Management by Exception

In many educational organizations, the management practices revolve around “management by exception?” When one or a handful of folks, do not abide by the guidelines of the organization, all are subsequently held to task.

Here’s a perfect example. Schooltime for teachers begins at 7:20 am. A small group of teachers is commonly known to arrive late.  A mass communication goes out from leadership, reminding all that contractually, 7:20 am is the arrival time for all teachers.  Hmmm. A communication strategy that may be considered efficient…but hardly effective!  The teachers that arrive daily at 7:00 am are put upon due to a minority of the group.   Does this communication impact those who are often late?  Unlikely. Does this communication have an impact on the collaborative culture of the organization? Probably.

No, it is not a pleasant task to confront those who defy policy.  However, dealing with issues directly with those who are involved is intentional, purposeful, and an appropriate teachable moment by leaders.   Blanket policies and practices that are intended to corral errant behaviors is more likely to cause discontent among those who are not than it is to correct the targeted few.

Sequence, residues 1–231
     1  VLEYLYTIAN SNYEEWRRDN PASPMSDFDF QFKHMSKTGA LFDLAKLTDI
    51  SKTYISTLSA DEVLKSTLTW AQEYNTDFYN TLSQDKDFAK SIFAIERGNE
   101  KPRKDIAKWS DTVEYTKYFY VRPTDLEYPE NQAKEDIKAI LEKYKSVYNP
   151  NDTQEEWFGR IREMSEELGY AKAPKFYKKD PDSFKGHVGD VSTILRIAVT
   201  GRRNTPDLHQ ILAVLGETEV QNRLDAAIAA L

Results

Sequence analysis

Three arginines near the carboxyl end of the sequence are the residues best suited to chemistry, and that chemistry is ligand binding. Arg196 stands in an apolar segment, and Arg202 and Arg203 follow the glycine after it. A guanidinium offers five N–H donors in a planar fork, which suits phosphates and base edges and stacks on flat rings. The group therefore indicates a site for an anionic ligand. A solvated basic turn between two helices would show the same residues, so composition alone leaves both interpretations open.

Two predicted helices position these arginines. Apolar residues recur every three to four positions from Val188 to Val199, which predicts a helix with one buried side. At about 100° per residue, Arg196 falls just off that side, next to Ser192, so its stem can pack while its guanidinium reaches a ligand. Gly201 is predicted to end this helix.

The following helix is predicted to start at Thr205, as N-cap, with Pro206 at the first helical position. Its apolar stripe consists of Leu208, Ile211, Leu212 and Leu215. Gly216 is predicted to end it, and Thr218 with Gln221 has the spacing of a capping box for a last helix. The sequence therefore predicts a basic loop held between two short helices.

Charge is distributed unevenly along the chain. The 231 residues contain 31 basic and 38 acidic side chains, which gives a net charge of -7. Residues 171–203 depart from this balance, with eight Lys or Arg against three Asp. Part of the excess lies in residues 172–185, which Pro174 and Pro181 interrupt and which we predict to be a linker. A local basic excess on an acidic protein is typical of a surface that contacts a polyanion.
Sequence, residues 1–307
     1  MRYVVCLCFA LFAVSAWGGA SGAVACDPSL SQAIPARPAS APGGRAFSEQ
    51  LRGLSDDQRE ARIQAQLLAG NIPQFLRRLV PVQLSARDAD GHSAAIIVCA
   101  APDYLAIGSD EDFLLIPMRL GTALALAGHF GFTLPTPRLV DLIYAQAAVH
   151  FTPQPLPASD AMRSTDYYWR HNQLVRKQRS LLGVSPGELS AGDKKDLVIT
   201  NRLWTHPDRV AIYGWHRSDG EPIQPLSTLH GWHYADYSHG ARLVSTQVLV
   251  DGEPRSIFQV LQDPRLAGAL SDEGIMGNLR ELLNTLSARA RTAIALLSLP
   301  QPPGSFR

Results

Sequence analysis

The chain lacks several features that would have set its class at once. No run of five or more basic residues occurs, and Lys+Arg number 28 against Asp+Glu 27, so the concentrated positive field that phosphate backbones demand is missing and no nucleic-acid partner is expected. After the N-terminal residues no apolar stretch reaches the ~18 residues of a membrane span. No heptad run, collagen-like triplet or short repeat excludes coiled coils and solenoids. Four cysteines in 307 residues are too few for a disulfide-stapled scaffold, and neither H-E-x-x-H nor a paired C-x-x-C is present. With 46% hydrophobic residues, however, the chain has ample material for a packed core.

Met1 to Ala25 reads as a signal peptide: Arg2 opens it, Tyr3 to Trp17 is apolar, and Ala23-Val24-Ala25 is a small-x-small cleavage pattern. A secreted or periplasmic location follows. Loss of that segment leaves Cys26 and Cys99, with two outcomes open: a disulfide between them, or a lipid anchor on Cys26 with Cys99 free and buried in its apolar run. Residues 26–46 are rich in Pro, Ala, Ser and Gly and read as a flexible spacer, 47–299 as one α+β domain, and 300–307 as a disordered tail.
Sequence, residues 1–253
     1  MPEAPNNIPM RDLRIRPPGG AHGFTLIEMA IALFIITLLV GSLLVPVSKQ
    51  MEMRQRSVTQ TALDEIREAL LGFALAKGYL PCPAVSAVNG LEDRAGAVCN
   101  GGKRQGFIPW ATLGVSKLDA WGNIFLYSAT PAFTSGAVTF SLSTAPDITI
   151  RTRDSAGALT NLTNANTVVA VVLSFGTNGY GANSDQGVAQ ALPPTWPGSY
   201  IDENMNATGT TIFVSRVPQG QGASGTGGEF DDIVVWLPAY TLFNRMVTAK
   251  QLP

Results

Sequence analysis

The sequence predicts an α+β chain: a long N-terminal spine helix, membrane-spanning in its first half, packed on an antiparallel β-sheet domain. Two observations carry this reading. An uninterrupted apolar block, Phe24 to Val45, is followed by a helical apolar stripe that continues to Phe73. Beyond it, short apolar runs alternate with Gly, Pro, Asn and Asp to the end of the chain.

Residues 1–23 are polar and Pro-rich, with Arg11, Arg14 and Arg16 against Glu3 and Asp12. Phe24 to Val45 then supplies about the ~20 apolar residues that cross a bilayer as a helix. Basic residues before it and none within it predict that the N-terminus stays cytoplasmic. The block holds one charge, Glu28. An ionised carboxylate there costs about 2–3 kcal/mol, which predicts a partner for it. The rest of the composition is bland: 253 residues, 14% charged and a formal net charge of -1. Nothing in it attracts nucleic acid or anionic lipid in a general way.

Similarly, when students are influenced by social media or other sources, and a few respond by damaging property or acting out behaviors, do we resort to management by exception and punish all? Or do we work with those students that need our “teachable moment” and model appropriate steps and strategies to solve the problem?

Do we ever ponder what message our reaction to aberrant behaviors is communicating to others or teaching everyone?

About the Authors: 

Dr. Robert K. Greenleaf was formerly a professional development specialist at Brown University. Bob has 45 years of experience as a superintendent, principal, teacher & special education.  Bob has traveled conducting Brain & Learning Institutes for Greenleaf Learning.

Elaine M. Millen, M.Ed. C.A.G.S., has over 50 years of experience in education as a teacher, principal, director of special education, curriculum director assistant superintendent of schools and higher ed instructor.  As an instructional coach, she has worked nationally in areas of leadership, instructional coaching, and student engagement.  She worked with Brown University as a consultant.